CHATHAM COUNTY, Ga. (WTOC) - No bones about it, Operation New Hope has been called a success.
The program has been partnering shelter dogs with inmates for nearly 10 years. Watching both of them transform - and now it’s ready for an expansion.
At one point Mistletoe was so anxious she’d hardly walk, but that’s all changed.
“He’s great, he loves people, he loves running, he loves to play, but at first he wouldn’t even come out of his cage,” said Monika Jones, Inmate.
Mistletoe and Monika were paired up through the Chatham County Jail’s Operation New Hope. It lets low offender inmates train dogs that are thought unadoptable.
The dogs stay in the cells with the women and their training is 24-7 nonstop.
“A lot of folks do not know how to fix or potty train a dog so if we can do that here at Operation New Hope then we just saved a life and now when the adopter comes to adopt that dog we can say ‘hey, this is how we did it the dog is 100% potty trained, crate trained and an AKC-kanine good citizen,’" said Jennifer Messer, Coordinator of Operation New Hope. "They should be able to go into the community with having no problem.”
The program not only helps local dogs, but also their trainers. It provides hope.
“It gives me a lot of confidence. It shows me that I can do things that I never thought that i could do as long as I put my mind to it and it give me a lot of reentry skills that I need to enter back out into the community and it gives me a second chance which is what our motto is,” said Jones.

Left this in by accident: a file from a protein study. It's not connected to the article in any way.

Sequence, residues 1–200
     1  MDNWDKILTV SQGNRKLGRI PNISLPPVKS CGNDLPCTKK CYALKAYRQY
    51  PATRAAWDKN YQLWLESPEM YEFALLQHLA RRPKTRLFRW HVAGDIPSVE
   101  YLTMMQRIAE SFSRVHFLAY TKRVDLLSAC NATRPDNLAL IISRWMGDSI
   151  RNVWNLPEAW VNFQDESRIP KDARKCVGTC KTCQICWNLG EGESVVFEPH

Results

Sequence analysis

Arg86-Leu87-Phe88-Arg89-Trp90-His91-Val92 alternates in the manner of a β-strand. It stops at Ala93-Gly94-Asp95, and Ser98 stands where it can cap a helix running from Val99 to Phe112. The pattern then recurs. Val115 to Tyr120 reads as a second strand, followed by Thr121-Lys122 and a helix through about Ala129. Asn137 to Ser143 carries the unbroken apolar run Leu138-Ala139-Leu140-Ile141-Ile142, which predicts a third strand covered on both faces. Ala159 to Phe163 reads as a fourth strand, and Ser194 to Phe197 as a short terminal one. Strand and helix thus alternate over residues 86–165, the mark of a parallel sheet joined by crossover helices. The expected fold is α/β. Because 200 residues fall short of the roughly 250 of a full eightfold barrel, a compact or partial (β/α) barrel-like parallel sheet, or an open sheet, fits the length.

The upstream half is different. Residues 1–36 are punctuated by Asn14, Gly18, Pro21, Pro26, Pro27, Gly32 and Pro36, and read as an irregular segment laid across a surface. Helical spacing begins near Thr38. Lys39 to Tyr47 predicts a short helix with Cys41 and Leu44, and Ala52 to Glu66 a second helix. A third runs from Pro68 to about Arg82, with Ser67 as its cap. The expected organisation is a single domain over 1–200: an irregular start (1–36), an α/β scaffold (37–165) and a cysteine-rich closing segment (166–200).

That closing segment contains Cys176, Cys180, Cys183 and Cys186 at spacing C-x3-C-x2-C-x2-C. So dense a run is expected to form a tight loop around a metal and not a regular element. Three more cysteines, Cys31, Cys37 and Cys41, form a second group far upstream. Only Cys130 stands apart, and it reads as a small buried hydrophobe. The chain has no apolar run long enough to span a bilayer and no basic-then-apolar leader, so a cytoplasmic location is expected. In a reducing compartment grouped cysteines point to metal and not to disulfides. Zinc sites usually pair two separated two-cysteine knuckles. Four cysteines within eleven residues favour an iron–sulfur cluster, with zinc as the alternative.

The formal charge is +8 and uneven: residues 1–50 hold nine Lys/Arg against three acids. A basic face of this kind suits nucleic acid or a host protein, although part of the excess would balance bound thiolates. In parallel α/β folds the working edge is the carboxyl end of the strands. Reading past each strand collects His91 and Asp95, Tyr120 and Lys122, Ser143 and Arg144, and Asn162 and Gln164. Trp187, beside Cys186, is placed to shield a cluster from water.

Operation New Hope has an adoption rate of nearly 100 percent and they are looking to expand. They’re still working out details, but they’ll go from training 10 dogs to 32 dogs and add male inmates as trainers. For local rescue organizations this program saves lives.
“These ladies deserve a second chance and these dogs help them have that second chance," said Jennifer Taylor, Director of Renegade Paws Rescue. "And the dogs deserve a second chance these dogs don’t deserve to be euthanized or anything like that. I think maybe in a lot of ways the dogs and the inmates are the same.”
These dogs will graduate and be up for adoption on Feb. 1.